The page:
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About The daily Nebraskan. ([Lincoln, Neb.) 1901-current | View Entire Issue (Feb. 11, 1997)
A man who hid in the back of a
woman’s car, which was stopped at
a gas station Saturday morning, left
the vehicle after assaulting the
woman with a steak knife.
Lincoln Police Sgt. Ann
Heermann said that about 4 a.m.
Saturday, a woman stopped at the
U-Stop on 27th and E streets for
She went in to pay, left the ve
hicle running, came back out, en
tered the vehicle and started driv
ing, Heermann said. A man came
up from the back seat and put what
appeared to be a steak knife in her
face. He cut the left side of her neck
several times and slashed both fore
arms and her upper chest.
The woman stopped for a traf
fic signal at 21st and E streets and
the man left the vehicle.
She described the man as a
white male of medium build, wear
ing a black stocking hat, black shirt
and black pants.
Officers recovered almost
$10,000 worth of goods stolen from
Culler Junior High School Sunday
morning after an officer saw a ve
hicle with its lights off enter the
west parking lot at a high speed.
Heermann said the officer
searched the vehicle and found one
of the school’s bank bags and a
hacksaw. The officer found the
school’s southwest door unsecured
and discovered audio/visual equip
ment and computers stacked by the
door. The officer also found several
classrooms broken into.
Heermann said the three sus
pects had entered the school
through the courtyard where a piece
of plywood was covering a broken
window. About $600 in damage
was done to the school.
Jacob Nelson, 20, of209 Dawes
St., and two male juveniles were
cited and/or arrested for burglary.
Officers recovered six televi
sions, one videocassette recorder
and several computers and print
NU groups heighten
By Erin Gibson
A wooden cross and spray-painted
racial slur found at the University of
Nebraska at Omaha Monday could
mean another crushing blow to NU
University officials reported that a
black UNO employee found a wooden
cross stuck in the gas tank of his ve
hicle and a racial epithet spray painted
across his windshield.
NU President Dennis Smith
quickly condemned the incident as
“I feel compelled to emphasize that
overt and .implied acts of racial hatred
and bigotry will not be tolerated at the
University of Nebraska,” Smith said,
and also used the opportunity to con
demn Sigma Chi’s cross burning.
The racist nature of the UNO van
dalism works against many positive
efforts made toward cross-cultural
understanding in the past weeks, said
other university members Monday.
Many University of Nebraska-Lin
coln campus members and student
organizations have said they turned
their anger over the cross burning into
action by holding meetings, as well
as prayer vigils.
A workshop to develop solutions
to racism is planned for 4:30 p.m.
Wednesday in the Nebraska Union by
the Ethnic Minority Affairs Commit
tee of the Teachers College, followed
by a separate speech on unity by New
Jersey pastor Buster Soaries at 7 p.m.
Many campus and organization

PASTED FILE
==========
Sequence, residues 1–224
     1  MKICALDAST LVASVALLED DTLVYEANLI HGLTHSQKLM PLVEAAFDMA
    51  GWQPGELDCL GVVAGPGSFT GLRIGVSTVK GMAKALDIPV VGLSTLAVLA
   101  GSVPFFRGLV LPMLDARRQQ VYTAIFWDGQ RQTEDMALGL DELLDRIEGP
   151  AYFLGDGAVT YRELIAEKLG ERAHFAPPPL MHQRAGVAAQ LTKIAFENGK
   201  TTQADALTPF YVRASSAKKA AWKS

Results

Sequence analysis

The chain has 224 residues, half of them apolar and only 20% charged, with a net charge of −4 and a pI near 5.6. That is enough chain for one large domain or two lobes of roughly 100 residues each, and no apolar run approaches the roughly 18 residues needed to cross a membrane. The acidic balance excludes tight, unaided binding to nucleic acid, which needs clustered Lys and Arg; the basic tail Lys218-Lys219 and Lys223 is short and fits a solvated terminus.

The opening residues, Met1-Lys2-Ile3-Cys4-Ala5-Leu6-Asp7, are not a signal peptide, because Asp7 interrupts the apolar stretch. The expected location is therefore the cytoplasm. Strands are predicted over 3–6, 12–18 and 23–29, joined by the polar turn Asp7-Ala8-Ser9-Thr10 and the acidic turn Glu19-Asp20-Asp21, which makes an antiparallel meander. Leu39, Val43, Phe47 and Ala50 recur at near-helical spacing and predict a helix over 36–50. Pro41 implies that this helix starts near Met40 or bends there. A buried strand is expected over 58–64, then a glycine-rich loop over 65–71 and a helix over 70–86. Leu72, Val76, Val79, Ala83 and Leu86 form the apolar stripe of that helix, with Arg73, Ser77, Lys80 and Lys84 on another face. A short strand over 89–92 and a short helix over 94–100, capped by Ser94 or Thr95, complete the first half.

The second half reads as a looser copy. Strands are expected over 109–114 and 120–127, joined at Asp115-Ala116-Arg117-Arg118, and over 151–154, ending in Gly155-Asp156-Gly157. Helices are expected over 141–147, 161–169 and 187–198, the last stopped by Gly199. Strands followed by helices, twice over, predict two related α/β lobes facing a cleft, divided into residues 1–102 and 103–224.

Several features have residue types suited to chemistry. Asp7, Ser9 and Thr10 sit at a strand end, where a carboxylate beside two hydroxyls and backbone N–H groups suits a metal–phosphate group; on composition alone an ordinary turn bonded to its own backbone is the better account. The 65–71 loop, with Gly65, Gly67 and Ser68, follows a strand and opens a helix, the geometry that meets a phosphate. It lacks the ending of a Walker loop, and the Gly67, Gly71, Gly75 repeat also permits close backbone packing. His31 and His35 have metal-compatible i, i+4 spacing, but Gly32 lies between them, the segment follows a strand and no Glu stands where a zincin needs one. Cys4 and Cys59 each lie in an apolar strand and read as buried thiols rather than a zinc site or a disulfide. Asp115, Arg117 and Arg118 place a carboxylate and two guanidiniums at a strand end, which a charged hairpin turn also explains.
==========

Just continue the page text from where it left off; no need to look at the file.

members, including Brent Karstens,
president of the UNL Interffatemity
Council, said the incident forced them
to take a critical look at their own work
“A lot of people knew there was a
little barrier on campus, but no one
wanted to do anything,” he said.
That will change now, he said.
IFC has always supported diversity
efforts, Karstens said. But, after the
Sigma Chi incident, he said, the IFC
realized a gap remained between the
mostly black and mostly white frater
As a result, last Thursday the fra
ternities came together through IFC
to reaffirm their commitment to cross
cultural understanding with a state
“This incident really could have
turned sour,” Karstens said. “It’s a
start to a new beginning.”
The new beginning includes an
IFC declaration that it will denounce
racism and “emphatically deplore any
action which widens the ethnicity gap
on campus, in our community and
Under the cross
Brett Yohn, state director of the
Christian Challenge and Baptist Stu
dent Union, said university church
leaders also are finding the incident
has spurred more thought and recog
nition of racism among UNL students.
The Association of Campus Reli
gious Workers at UNL adopted a state
ment Feb. 6 that condemned the “ex
pression, condoning or minimizing of
racism, an insidious disease and vio
lation of persons created in the image
Misunderstandings between the
university and black community mem
bers were ironed out in a meeting that
included university officials, the
NAACP, the Afrikan People’s Union
and Sigma Chi members.
But some students, including
members of the Mexican American
Student Association, said they were
upset that off-campus and community
members were excluded from the
Jose Bustamante, vice president of
MASA, said no one in the organiza
tion was invited to the APU meeting.
Many MASA members also were of
fended by the cross burning and
wanted to help with healing in its af
termath, he said.
“That’s a sign of hatred, not only
against blacks,” he said. “We were left
out of further discussion.”
Bills would toughen policy
on alcohol sales in state
LIQUOR from page 1
But opponents of the proposal ar
gued that liquor outlets in violation
of their licenses were only part of the
Mike Kelley, a private lawyer and
a lobbyist for United Retailers Liquor
Association of Nebraska, said it was
difficult for businesses to ensure their
employees would avoid selling to mi
nors in every case.
The General Affairs Committee
took no action on LB 17. Members also
delayed decisions on LB482 and
LB249 pending legal consultation.
LB482, sponsored by Sen. Doug
Kristensen of Minden, would return
the authority of regulating liquor li
censes to city councils.
LB249, sponsored by the General
Affairs Committee, would officially
put into law the Liquor Control
Commission's current regulation prac
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